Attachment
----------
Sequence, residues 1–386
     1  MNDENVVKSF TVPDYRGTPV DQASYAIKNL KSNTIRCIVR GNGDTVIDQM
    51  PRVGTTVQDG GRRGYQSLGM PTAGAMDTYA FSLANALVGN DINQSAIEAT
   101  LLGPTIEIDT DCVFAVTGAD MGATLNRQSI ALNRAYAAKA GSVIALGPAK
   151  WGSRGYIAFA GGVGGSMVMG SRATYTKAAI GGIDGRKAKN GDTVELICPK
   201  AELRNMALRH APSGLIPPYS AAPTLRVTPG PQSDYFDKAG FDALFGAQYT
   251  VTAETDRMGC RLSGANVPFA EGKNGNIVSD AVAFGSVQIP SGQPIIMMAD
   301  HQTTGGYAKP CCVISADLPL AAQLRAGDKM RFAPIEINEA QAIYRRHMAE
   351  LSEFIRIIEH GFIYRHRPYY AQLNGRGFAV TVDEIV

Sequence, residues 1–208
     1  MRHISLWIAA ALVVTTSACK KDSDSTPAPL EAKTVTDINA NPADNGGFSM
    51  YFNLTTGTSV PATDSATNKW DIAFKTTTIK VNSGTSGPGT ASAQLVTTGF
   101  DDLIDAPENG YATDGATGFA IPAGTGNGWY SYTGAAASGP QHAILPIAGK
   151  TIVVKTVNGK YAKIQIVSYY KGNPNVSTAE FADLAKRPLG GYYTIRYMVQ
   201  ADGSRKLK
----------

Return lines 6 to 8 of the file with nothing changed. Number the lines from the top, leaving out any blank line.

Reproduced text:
   201  AELRNMALRH APSGLIPPYS AAPTLRVTPG PQSDYFDKAG FDALFGAQYT
   251  VTAETDRMGC RLSGANVPFA EGKNGNIVSD AVAFGSVQIP SGQPIIMMAD
   301  HQTTGGYAKP CCVISADLPL AAQLRAGDKM RFAPIEINEA QAIYRRHMAE